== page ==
Reporting on sexual assault

Media backgrounder – February 2012

Placing the story in context

It is important to ensure that the manner in which sexual assault is portrayed reflects a broad range of experiences, and not just atypical sexual assaults such as stranger rapes or cases that involve extreme violence.

Police and the courts are key sources of information on many news stories on sexual assault. However, these sources do not necessarily provide a full or contextual account of sexual assault.

The information used by police, or in a court case, serves a very specific purpose:

  • to determine if a criminal offence has occurred;
  • to gather evidence that is admissible in a court of law; and
  • to gather sufficient evidence to meet the burden of proof.

Cases taken to court must be proved beyond reasonable doubt. Withdrawing a case, or not proceeding, does not equal innocence. It just means prosecutors did not have enough evidence to meet the very high threshold.

Only a small number of sexual assaults are reported to police or proceed to court, so information from these sources does not necessarily reflect what happens in most sexual assaults.


Avoid using the police or court data as the only source of information on sexual assault.


Ensure that reporting of sexual assault is reflective of, and proportionate to, a range of victim/survivors' experiences.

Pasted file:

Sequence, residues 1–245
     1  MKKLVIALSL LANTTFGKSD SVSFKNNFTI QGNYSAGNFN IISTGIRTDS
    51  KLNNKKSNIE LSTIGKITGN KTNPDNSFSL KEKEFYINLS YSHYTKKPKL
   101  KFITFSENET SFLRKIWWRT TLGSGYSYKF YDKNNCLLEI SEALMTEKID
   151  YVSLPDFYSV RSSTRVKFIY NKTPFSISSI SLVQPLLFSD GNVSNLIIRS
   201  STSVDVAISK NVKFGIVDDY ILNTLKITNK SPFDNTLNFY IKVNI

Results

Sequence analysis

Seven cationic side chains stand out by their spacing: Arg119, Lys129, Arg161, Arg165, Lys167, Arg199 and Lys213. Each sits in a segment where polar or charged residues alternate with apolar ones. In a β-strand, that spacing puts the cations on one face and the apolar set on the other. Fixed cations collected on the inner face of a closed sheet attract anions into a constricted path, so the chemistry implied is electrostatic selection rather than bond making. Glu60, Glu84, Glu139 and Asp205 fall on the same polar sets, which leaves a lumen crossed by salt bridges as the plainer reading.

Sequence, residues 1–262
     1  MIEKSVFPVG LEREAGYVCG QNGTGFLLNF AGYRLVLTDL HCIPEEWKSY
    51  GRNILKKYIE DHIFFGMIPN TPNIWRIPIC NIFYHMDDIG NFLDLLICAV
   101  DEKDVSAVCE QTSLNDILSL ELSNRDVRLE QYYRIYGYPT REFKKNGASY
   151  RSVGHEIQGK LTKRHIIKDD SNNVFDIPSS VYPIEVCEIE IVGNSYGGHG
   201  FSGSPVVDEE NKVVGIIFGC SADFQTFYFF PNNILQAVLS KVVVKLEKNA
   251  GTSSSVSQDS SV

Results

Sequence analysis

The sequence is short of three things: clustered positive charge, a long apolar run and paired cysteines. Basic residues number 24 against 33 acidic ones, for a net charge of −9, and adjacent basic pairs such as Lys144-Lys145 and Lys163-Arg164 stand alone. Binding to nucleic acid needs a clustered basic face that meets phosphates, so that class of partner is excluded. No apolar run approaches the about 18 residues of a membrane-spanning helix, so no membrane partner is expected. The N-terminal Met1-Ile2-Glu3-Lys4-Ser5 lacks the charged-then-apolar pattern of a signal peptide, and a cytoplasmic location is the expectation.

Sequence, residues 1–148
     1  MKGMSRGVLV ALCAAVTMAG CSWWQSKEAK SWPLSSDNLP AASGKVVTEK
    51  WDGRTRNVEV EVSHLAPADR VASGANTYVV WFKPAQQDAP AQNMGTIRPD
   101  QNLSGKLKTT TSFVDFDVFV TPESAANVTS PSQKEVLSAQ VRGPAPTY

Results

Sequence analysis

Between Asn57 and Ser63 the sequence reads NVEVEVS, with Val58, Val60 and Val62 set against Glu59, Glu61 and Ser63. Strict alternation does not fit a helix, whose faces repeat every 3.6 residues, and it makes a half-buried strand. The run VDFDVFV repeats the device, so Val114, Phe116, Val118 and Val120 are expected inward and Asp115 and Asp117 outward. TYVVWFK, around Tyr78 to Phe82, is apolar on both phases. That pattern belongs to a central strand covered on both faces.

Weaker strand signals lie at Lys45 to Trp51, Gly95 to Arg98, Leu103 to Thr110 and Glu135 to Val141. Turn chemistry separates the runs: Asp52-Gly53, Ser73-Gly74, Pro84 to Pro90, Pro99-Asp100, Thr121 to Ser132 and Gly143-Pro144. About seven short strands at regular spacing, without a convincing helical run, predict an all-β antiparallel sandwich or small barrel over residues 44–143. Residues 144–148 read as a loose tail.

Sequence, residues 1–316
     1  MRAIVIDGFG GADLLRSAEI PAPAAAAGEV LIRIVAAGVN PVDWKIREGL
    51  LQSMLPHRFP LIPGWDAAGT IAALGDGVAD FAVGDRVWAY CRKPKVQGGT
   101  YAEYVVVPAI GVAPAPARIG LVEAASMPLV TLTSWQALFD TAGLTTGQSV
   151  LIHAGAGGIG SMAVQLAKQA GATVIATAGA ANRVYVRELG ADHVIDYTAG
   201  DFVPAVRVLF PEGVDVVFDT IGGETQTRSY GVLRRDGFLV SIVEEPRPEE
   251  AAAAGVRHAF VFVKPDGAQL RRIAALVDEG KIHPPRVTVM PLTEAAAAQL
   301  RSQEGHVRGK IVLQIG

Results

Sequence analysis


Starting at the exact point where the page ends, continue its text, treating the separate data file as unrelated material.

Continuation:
Avoid over-emphasizing stranger-rape and sexual assault where there is also considerable physical violence and consider running stories of, for example, intimate partner sexual violence instead.


If the assault has occurred within the context of ongoing intimate-partner sexual violence, and/or domestic violence, report the broader context of the perpetrator's violent behaviour, as opposed to a one-off "out of character" attack.


Seek comment from individuals working within the sexual assault field in order to provide an informed, evidence-based opinion.

This may assist in reducing misconceptions of sexual assault, or at least provide a voice to counteract any unintended messages about sexual assault.


This extract from a Ninemsn article on the Matthew Johns/NRL sexual assault incident provides a clear example of the problem of leaving inaccurate comments or quotes unchallenged:

She is saying she is still traumatized etcetera, well she wasn't for five days, or four days at least, after that affair. I can't work out what's happened: does it take five days for it to sink in? (quote from former work colleague of victim/survivor in Sex scandal woman "bragged about it", retrieved from <> ninemsn, 15/05/09)

This uncontested opinion:

  • Discredits the victim/survivors account.
  • Reproduces the misconception that victim/survivors will immediately recognise their experience as a crime.
  • Reproduces the misconception that victim/survivors must always respond in an emotional or traumatised way.
  • Seeking comment from experts (such as a sexual assault counsellor or academic) may help to avoid reproducing these misconceptions by counteracting them with fact.
  • A sexual assault expert may have challenged the colleagues comments by explaining that it is common for victim/survivors to reframe their experience as "consensual" or to take some time to identify their experience as sexual assault. An immediate impact of trauma can be denial.